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The Shannon Dolphins

The waters of the Shannon estuary are the residence of the Shannon Dolphins, Ireland’s only resident group of Bottlenose Dolphins. These animals have most likely been living in the estuary for hundreds if not thousands of years. One of the earliest possible accounts of the Shannon Dolphins is the legend of the Cataigh (or Catach). This sea monster that claimed Scattery Island, a small piece of land in the middle of the estuary, was described as an enormous eel with a line of sharp barbs along its back, dagger-like teeth and long enough to curl around the island. As the monster devoured everything that came close, nobody dared to go even near Scattery. As in all good stories the monster met its match eventually, in this tale in the shape of the local saint named Senan. The saint defeated the Cataigh equipped with only a golden cross and the monster subsequently retired to Doolough Lake, a short trip north of the Shannon Estuary, where it has been leading a quiet life ever since. Because there is some truth in every legend it is likely that there really was a sea monster or in this case probably many of them. Witnessing a group of dolphins travelling, their fins cutting through the water, one could indeed imagine an eel like creature swimming along and up close the teeth of a dolphin appear very much dagger-like.

Today over 100 animals are present at the estuary at any given time. Of those around 40 are permanent residents, the others are coming and going throughout the year. The reason the estuary is so popular among dolphins is the same why birds like to come here: The rich food supply that is being brought in by the strong tidal currents. Bottlenose dolphins in general live on a diet of fish, squid and sometimes small crustaceans. The Shannon Dolphins are most likely mainly fish eaters and feed on resident fish like bass and various species of flatfish as well as pelagic species like herring or sprat that venture into the estuary. In late summer and autumn salmon becomes a major part of their diet and the animals can be seen tossing salmon in the air, a behaviour that is either associated with playing or learning or probably both. Dolphins are known for their very clever hunting techniques and in the Shannon they can be observed circling a school of fish to keep them together while individuals repeatedly dash into the tightly packed group to feed.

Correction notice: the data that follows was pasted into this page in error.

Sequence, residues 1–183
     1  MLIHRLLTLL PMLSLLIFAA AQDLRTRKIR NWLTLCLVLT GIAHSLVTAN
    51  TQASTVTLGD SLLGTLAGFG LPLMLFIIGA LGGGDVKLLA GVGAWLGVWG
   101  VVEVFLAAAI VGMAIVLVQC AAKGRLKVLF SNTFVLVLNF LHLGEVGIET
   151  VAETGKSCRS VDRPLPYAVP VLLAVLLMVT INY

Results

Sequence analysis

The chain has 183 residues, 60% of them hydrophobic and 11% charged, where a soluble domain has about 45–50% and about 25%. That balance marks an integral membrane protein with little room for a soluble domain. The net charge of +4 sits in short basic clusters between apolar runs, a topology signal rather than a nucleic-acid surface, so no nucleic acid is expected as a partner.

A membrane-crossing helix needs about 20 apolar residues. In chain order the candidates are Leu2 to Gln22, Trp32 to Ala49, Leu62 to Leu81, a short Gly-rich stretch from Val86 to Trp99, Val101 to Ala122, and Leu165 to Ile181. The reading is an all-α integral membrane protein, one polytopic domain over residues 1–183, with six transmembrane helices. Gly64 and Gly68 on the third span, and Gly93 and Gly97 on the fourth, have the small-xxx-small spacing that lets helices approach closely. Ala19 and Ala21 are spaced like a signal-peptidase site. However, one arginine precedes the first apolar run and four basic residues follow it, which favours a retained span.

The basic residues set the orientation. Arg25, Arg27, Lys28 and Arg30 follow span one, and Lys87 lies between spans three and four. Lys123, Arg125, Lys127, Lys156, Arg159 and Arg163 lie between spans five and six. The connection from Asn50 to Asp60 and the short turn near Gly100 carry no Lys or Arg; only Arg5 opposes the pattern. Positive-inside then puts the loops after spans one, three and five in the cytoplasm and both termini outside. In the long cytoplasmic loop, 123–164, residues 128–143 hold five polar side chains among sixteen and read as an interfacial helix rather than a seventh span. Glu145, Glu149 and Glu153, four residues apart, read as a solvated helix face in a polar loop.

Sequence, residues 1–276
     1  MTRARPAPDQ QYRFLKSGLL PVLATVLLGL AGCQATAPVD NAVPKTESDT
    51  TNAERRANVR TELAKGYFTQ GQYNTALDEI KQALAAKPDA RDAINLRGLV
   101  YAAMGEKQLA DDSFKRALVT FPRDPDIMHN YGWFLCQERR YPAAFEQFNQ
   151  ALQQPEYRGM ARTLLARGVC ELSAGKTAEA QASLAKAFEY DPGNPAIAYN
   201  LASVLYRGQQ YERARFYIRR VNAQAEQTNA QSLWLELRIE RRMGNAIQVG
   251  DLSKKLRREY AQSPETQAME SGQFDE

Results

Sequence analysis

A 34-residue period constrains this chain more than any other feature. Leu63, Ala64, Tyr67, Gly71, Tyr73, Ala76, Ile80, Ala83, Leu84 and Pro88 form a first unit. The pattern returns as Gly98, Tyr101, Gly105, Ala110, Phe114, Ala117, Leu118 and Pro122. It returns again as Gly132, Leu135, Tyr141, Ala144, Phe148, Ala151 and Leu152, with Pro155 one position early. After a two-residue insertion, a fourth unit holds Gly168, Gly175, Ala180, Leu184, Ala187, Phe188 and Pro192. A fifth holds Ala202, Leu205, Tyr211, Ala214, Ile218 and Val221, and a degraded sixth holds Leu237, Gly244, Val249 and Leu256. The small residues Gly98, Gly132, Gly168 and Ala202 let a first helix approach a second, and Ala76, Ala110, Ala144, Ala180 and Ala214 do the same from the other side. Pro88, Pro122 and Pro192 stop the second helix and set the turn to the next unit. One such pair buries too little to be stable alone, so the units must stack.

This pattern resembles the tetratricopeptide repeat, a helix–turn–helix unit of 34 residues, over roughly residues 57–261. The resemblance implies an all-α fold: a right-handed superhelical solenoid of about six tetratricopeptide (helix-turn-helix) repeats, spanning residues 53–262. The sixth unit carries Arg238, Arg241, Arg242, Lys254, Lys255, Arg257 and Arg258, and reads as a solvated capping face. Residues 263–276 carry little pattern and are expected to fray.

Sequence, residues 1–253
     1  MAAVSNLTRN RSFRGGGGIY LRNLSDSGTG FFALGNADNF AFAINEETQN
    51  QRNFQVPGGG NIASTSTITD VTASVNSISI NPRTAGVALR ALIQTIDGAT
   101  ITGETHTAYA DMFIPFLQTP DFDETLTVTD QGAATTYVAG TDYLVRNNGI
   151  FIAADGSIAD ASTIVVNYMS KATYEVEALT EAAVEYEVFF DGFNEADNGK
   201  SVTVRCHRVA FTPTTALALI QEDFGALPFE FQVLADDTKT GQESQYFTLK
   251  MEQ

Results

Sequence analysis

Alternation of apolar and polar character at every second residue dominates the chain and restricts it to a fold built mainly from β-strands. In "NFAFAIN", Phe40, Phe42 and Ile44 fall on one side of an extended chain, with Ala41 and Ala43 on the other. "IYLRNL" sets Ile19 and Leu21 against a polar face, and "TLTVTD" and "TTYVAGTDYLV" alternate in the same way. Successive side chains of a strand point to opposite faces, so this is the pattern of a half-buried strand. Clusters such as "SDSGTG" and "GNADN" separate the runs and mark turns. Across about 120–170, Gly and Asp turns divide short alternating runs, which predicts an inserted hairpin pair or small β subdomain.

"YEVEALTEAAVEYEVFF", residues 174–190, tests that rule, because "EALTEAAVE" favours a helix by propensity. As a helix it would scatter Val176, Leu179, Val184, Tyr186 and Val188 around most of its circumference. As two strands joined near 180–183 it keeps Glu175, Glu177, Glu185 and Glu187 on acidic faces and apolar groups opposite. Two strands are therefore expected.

Bottlenose dolphins travel and hunt in small groups and find their way as well as their prey through echo location. While a dolphin’s eyesight is similar to our own it is only of very little use in the often murky waters of the estuary so echo location is a much more reliable method to get around. The dolphins emit a series of pulses and clicks from an area near their blowhole known as melon. When these sounds hit a solid object like a fish or a boat, they bounce back and the dolphin picks up those echoes through its lower jaw from where they are transmitted to the animal’s inner ear. Because sound travels five time faster in water than in air this way of experiencing the world is very effective. It is also though that certain variations of those clicks and pulses along with whistles are a form of communication between the animals. Tailslapping can also be a kind of communication. Depending on the strength of the slap this behaviour could be a warning to other animals or an attempt to make contact. Tailslapping has also been observed as part of hunting techniques. Other behaviours that can be observed are Spyhopping – the animal pokes its head out of the water to see what is going on above the surface –, Breaching – the animal jumps fully out of the water which could be another way to have a look around or just to have fun and Bowriding – possibly a way to save energy when swimming or yet another way to have fun. Dolphin groups can consist of up to 20 individuals but are on average considerably smaller. While these groups are very fluid, known as fission-fusion society, it is generally individuals of the same sex and age that travel together. Groups of mothers with calves for example can regular be seen in the Shannon Estuary.


Dolphins are not the only marine mammals in the Shannon estuary. Other cetaceans, especially Minke Whales and Harbour Porpoises, regularly find their way into the area and bigger whales like Humpbacks and Orcas can be seen passing the headland of Loop Head. Common Seals are regular visitors while Grey Seals are known to rear their young in the small storm beaches at the Mouth of the Shannon and the lower estuary. Unlike Common Seal pups, which are able to swim within hours after birth, the offspring of the Grey Seal is born with a white fluffy coat that needs to be shed before the youngsters can enter the water. This takes up to six weeks and during this time both mother and pup are stationary, the pup hauled up on the beach while the mother can often be seen patrolling the waters around the cove. Otters are also common, but their secretive lifestyle makes them a most elusive animal.

Birds are also a common sight. In addition to the breeding visitors and year-round residents, Gannets that breed further south on Little Skellig are regular visitors to the estuary.

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